Casino Watch - February

18 January 2007

Crypto, Net Ent Roll out New Games

Online gaming software developer Net Entertainment on Jan. 11 announced the release of CasinoModule 3.5.1, a suite of new casino-style games. Meanwhile, fellow I-gaming developer CryptoLogic announced the release of 16 new casino-style games.

Well Hung

U.K.-based software provider JPM International has announced that its Hangman 3 game has become one of the most popular titles on Since its release in October 2006, the game has received an estimated 8,000 plays per day.

Russian Restrictions

Russian President Vladimir Putin signed on Dec. 30, 2006 legislation that will close down slot-machine halls across the country and obligate remaining halls to relocate to designated gambling zones. The bill calls for the creation of four legal gambling zones in the Baltic exclave of Kaliningrad, the Primorsky region of the Pacific coast, the Altai region in Siberia and near the southern cities of Krasnodar and Rostov. Casinos and slot-machine operations elsewhere in the country will be banned effective July 1, 2009.

New Jersey's Casino Industry Continues to Grow

New Jersey's casino industry is reporting another record year of winnings, earning $5.2 billion from gamblers in 2006 despite momentary setbacks. The region's industry has set a winnings record each year since the first casino opened its doors in 1978. Winnings in 2006 were 4 percent higher than the 2005 winnings of $5 billion, and they came in a year when all the casinos were shuttered for three days in July during a state budget impasse. July, as it turns out, was the third-biggest win month in the city's gambling history, right behind August. In November, the Sands closed its doors to make way for a newer, bigger and more upscale gambling hall, but winnings were higher in November 2006 than they were in that month in 2005, despite the Sands closing mid-month. Ten of the 12 gambling halls in Atlantic City made more money in 2006 than the previous year, while The Borgata, which opened in 2003, remained the biggest winner. It brought in $739.2 million in winnings, ahead of Bally's Atlantic City, which was second with $677.3 million.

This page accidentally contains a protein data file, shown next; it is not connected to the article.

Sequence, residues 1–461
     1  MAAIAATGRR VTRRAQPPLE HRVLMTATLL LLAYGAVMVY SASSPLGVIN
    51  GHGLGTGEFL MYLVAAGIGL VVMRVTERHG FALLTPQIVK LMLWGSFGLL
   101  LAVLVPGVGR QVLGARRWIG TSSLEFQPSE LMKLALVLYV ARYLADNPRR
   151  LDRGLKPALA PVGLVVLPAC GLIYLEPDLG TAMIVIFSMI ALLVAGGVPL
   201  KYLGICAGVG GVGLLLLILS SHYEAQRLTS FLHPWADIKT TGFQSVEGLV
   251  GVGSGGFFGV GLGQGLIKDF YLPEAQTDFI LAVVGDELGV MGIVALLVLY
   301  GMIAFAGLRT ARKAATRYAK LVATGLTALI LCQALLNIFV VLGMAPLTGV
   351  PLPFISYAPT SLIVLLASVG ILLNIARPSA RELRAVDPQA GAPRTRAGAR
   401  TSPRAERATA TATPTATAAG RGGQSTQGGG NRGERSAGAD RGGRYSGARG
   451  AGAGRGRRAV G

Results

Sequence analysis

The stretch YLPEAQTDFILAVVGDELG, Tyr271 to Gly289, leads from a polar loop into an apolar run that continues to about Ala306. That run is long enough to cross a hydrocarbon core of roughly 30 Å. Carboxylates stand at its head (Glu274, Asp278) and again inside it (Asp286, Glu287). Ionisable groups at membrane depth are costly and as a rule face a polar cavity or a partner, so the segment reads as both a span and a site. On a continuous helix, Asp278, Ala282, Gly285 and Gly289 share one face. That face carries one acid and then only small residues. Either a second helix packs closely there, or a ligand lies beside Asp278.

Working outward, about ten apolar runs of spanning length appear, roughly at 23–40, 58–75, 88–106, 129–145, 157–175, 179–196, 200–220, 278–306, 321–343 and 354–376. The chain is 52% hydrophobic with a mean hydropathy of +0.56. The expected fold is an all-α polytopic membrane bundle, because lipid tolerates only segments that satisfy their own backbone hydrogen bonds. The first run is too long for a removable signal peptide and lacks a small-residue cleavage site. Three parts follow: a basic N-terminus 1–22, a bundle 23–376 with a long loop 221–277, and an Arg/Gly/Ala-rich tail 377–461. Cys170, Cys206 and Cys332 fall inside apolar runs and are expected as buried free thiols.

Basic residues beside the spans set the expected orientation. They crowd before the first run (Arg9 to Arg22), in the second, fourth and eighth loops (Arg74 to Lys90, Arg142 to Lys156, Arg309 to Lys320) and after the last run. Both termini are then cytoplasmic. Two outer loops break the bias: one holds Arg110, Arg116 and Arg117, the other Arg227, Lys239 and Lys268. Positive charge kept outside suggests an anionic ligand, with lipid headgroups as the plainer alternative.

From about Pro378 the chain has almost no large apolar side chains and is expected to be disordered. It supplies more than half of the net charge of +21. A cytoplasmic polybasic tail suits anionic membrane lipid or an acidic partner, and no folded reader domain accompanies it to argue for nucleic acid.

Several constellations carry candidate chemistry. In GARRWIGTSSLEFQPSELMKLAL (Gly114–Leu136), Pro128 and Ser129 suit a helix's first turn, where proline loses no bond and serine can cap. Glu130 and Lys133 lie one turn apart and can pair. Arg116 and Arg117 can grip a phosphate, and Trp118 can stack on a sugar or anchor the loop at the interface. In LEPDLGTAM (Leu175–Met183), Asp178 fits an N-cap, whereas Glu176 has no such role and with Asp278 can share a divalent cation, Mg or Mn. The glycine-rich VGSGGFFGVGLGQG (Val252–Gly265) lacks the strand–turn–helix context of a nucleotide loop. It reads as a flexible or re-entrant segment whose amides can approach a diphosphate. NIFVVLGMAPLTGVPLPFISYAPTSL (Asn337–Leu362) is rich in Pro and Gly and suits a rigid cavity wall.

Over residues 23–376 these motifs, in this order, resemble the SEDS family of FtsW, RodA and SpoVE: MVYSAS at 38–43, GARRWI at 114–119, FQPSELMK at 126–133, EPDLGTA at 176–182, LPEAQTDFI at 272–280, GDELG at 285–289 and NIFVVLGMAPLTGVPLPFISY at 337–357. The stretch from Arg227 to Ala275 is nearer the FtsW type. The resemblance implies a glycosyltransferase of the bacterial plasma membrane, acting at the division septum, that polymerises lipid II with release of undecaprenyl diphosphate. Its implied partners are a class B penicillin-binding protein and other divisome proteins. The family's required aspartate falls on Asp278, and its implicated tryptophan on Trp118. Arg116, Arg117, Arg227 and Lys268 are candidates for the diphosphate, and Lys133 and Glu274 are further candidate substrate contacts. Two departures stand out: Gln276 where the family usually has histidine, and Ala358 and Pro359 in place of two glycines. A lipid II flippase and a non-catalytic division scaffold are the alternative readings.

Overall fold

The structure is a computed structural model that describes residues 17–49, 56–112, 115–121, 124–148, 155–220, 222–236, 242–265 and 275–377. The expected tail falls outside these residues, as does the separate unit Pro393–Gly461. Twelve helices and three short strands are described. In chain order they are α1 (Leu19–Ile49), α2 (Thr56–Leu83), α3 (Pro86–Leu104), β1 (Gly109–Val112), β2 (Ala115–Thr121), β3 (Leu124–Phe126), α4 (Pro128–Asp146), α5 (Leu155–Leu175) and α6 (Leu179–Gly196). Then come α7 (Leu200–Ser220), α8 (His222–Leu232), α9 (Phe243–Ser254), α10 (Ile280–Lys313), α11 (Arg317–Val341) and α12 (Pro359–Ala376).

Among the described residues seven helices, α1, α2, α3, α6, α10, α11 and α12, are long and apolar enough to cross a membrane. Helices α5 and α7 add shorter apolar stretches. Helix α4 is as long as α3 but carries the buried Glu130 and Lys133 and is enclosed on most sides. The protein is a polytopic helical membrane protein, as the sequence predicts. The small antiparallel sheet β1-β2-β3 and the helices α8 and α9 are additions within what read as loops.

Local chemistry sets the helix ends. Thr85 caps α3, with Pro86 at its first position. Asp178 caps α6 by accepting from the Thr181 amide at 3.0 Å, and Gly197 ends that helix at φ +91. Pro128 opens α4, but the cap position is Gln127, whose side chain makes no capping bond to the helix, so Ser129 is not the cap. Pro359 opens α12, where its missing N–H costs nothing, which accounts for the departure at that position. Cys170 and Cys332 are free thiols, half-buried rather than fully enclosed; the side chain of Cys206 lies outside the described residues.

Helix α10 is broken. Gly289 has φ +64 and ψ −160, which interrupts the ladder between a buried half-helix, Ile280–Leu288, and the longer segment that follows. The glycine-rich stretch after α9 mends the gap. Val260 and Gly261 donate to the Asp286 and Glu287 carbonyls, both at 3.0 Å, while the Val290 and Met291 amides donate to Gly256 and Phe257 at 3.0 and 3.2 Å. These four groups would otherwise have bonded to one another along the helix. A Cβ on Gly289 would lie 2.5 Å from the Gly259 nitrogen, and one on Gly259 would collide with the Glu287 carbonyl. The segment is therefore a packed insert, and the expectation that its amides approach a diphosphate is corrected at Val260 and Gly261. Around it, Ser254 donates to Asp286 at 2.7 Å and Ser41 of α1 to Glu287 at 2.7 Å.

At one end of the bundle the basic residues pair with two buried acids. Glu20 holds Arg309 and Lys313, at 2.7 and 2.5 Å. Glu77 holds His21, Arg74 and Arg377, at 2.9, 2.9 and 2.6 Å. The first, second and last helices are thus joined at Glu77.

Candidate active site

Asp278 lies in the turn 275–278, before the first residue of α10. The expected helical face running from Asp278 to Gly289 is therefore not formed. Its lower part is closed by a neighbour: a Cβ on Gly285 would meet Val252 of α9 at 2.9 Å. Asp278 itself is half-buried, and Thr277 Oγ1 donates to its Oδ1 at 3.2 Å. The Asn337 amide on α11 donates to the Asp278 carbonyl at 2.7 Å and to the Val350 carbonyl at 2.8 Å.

Macau on the Rise

Macau has topped Las Vegas as the biggest casino destination in the world. The growth spurt came after billionaire Stanley Ho's gaming company, Sociedade de Jogos de Macau (SJM), lost its exclusivity in the casino market. Casino Lisboa and other SJM properties are now facing stiff competition from a handful of international corporations.

Macau Gov. Edmund Ho said in November he would only grant casino licenses to six operators. So far, those include Stanley Ho (no relation to the Governor), Kirk Kerkorian of U.S. casino operator MGM, and Las Vegas casino moguls Steve Wynn and Sheldon Adelson.

Stanley Ho has said he wants to sell as much as US$1.9 billion worth of shares in SJM to raise funds to go head-to-head with the Americans. That plan has so far been blocked by a lawsuit brought by his sister, Winnie Ho, 84, who holds a minority stake in SJM's parent company and says she was not consulted about the share sale.

Meanwhile, two of Ho's children have formed joint ventures with his Western rivals. Pansy Ho has linked up with Kirk Kerkorian of MGM Mirage, which is building the US$1 billion MGM Grand casino-hotel within walking distance to Casino Lisboa. And Lawrence Ho, chairman of Hong Kong-listed Melco International Development Ltd., has teamed up with Australian tycoon James Packer to invest as much as US$3.3 billion in three casinos in Macau.

In all, foreign investors are staking US$20 billion on making Macau into the gambling capital of Asia.